Thursday, January 12, 2012
Korean and American: Mr. Kill, by Martin Limón
One of the pleasures of reading international crime fiction is the glimpse of other cultures through the stories of crime, criminals, police, etc. martin Limón's series featuring George Sueño and Ernie Bascom, detectives with the 8th Army CID in Korea in the post-Korean-War era, offer insights into two cultures: South Korea and the U.S. Army. Sometimes one predominates in a particular novel, sometimes the other. The new Mr. Kill is a balance between the two.
A Korean woman is raped on a train by what appears to have been an American soldier, and the detectives are called in, without much enthusiasm on the part of the brass because they want to downplay any possible U.S. involvement. At the same time, Bascom & Sueño are ordered to investigate the theft of equipment from an all-female Country & Western band touring Korea for the USO. The detectives shuttle back and forth between the two assignments throughout the book, with the band offering Bascom plenty of opportunity for philandering, one of the primary aspects of his character.
But at the same time, Sueño is particularly horrified by the crime on the train and a subsequent even more brutal assault, in both cases in front of a young mother's children. His sympathy and determination are major drivers of the plot (and of a reader's interest). The addition of a Korean detective, whose name (Gil) sounds like "Kill" to an American ear, giving rise to his nickname and the title of the novel) is also very interesting, since Kill is both effective on his own and a big support for the detectives when the Army hierarchy is resisting their investigation.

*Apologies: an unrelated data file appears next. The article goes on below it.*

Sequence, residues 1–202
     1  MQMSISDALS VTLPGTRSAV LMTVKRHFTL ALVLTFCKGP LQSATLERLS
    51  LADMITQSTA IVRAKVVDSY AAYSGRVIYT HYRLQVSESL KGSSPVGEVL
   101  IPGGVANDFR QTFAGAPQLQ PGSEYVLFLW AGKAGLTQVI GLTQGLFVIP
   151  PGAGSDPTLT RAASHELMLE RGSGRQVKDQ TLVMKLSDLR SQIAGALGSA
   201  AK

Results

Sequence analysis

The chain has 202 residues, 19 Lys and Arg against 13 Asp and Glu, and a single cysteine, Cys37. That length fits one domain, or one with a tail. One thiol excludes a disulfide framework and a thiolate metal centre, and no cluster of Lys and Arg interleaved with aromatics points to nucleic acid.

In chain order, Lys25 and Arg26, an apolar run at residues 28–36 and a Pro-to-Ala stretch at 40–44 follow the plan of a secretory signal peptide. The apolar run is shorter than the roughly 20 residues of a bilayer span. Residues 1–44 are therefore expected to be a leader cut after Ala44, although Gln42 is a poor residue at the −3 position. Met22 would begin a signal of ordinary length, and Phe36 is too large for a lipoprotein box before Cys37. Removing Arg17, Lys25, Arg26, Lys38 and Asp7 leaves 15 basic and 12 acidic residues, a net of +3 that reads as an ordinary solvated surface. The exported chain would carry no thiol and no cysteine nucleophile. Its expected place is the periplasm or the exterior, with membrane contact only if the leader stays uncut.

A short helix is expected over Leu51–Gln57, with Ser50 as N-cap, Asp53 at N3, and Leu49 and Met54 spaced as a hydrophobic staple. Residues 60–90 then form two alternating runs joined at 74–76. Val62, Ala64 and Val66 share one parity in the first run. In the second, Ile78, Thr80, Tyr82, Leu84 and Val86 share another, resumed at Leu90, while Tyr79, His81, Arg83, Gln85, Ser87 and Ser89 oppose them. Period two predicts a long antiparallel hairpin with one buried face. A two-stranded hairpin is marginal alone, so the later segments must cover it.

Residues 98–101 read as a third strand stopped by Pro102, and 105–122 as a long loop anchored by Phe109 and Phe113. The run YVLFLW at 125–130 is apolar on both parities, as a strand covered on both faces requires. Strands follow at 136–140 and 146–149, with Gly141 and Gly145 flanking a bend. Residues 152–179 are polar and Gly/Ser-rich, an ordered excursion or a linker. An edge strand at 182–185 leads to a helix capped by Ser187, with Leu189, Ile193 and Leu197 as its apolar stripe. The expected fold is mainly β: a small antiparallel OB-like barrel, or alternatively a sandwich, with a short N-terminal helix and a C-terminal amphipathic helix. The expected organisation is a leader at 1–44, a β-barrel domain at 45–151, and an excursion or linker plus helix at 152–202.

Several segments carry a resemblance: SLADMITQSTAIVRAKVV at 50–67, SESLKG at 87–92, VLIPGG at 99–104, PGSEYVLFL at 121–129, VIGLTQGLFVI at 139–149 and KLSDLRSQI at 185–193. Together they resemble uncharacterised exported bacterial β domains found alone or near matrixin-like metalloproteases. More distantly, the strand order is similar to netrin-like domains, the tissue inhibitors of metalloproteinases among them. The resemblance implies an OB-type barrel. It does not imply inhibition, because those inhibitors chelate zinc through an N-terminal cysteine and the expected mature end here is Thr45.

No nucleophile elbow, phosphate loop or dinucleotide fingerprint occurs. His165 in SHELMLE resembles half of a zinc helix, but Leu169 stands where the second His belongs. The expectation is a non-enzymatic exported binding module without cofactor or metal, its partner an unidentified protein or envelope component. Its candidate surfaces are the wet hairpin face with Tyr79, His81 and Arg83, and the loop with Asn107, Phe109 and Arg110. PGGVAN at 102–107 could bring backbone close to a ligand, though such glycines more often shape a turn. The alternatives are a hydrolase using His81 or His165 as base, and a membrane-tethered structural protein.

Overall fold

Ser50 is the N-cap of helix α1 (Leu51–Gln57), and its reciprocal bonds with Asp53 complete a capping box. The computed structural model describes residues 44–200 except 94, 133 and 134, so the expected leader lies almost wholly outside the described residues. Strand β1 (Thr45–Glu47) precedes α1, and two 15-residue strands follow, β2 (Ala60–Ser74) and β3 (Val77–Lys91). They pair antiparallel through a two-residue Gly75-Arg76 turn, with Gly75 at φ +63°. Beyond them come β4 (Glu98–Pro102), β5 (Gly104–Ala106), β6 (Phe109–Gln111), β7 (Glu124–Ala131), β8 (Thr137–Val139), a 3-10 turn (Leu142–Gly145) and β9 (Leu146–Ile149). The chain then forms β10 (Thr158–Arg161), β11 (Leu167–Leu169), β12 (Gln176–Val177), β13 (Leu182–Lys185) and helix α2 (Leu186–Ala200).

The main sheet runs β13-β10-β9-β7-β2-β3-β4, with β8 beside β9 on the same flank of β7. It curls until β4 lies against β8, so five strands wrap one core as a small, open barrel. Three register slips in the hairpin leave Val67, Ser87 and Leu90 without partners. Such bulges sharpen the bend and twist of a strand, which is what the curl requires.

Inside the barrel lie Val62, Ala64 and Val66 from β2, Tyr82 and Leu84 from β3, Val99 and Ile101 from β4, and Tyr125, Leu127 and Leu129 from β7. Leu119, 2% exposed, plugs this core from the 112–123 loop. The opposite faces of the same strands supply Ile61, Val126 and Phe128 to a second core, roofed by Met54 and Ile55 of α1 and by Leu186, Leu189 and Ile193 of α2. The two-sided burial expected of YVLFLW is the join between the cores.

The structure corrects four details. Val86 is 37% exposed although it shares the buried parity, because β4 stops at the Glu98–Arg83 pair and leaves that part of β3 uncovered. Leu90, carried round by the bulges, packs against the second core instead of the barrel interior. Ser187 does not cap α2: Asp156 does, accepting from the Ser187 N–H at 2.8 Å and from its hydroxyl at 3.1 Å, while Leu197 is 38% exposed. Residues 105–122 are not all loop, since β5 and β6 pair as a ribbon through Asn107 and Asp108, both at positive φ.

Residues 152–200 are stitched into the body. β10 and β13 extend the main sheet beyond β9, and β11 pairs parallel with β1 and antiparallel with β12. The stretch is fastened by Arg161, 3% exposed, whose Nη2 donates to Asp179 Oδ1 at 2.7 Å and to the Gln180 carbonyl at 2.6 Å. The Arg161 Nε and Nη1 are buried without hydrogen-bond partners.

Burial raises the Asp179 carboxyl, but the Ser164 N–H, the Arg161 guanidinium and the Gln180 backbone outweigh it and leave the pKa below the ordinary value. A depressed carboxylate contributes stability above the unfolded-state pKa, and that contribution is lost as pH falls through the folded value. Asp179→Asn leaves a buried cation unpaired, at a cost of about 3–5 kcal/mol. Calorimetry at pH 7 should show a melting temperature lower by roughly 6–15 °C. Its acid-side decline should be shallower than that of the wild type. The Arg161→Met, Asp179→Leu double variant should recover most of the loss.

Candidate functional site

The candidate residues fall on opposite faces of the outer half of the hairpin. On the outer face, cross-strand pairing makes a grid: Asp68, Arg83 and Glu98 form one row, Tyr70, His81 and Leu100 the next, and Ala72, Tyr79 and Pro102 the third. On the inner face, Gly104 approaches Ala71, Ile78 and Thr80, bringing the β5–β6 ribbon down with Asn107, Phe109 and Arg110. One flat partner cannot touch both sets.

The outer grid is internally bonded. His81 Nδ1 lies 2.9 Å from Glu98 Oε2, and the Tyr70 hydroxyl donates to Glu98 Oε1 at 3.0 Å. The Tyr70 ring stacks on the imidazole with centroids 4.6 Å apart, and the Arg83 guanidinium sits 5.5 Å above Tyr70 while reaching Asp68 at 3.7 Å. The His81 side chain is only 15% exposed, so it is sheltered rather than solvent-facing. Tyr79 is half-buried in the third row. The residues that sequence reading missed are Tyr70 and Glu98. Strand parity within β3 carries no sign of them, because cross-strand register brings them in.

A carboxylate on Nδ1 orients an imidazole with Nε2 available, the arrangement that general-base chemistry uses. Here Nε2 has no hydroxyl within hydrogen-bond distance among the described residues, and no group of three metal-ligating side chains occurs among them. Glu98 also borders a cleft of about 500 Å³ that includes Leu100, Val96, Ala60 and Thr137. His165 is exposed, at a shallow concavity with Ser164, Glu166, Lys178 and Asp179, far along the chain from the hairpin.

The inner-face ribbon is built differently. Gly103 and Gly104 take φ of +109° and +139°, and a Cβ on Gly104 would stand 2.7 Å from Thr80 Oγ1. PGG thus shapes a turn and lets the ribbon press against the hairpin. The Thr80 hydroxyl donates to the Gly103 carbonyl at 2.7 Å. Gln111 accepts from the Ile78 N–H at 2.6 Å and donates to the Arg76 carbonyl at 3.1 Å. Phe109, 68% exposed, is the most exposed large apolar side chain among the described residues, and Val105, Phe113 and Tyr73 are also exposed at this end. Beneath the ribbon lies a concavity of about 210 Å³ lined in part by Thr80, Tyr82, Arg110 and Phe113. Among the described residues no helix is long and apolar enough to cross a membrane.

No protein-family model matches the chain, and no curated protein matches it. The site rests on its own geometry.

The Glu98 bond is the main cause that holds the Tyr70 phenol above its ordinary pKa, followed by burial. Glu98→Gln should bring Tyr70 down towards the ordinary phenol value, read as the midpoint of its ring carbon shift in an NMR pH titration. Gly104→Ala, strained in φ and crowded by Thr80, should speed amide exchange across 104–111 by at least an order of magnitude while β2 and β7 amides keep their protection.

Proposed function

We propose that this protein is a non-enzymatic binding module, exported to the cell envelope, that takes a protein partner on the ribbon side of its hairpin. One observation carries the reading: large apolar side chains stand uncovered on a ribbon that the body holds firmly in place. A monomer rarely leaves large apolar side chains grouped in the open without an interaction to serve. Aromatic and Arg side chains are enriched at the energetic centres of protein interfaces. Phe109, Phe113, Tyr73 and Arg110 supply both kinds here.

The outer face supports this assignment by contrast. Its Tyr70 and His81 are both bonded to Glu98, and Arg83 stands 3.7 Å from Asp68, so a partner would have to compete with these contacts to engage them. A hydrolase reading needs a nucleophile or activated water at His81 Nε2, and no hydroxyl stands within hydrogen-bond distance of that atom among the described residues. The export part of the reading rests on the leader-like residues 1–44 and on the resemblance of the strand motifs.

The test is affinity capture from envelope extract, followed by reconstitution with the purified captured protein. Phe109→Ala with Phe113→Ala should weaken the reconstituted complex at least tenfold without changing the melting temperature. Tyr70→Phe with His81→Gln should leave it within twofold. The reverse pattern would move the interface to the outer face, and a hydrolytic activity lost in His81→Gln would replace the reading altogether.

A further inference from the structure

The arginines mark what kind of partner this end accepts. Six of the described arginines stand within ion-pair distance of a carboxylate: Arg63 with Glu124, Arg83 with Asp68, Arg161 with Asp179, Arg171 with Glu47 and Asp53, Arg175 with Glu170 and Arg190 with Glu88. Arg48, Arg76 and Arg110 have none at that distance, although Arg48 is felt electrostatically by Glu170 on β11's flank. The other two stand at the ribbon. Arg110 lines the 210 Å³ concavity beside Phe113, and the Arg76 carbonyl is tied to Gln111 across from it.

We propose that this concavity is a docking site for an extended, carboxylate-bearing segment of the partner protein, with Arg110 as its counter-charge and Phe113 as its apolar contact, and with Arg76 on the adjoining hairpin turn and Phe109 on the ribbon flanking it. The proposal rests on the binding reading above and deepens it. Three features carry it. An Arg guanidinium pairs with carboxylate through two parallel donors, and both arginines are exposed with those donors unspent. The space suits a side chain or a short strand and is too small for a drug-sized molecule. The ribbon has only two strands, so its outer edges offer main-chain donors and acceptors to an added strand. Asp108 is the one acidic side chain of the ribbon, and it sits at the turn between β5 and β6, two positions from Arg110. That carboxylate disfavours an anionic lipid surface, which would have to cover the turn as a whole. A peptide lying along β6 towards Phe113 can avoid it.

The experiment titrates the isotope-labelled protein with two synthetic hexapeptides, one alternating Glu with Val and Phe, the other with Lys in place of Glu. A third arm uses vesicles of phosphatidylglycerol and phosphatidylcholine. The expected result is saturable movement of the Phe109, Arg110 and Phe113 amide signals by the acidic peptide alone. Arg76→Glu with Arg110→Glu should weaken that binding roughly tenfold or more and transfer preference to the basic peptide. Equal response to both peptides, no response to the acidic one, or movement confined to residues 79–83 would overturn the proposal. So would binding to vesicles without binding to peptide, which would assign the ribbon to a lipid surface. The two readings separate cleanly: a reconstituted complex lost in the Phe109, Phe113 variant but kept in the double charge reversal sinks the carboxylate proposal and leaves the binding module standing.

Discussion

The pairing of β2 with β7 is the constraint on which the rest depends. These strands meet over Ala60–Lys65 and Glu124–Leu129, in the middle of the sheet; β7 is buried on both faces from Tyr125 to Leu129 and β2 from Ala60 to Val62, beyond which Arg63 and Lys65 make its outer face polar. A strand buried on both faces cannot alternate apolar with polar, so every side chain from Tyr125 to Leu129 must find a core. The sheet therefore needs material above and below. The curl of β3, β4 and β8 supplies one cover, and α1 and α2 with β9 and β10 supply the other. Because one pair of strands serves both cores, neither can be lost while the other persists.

All the shuttling back and forth across South Korea (as the band travels the USO circuit and the detectives pursue leads concerning GIs that may have been off base during the crimes) gives perhaps a better overview of Korean society than any of the previous Sueño/Bascom books. I was not totally convinced by some of the plot twists late in the book, when the story shifts to hot pursuit of the rapist, and there's a third subplot that seems to be there mostly to set up the next novel in the series. I would also have liked to see more of Mr. Kill (and it seems he may have a role in the sequel. But overall, it was a brisk and interesting read, and the Army CID elements are a consistently interesting twist on the police procedural/detective story model.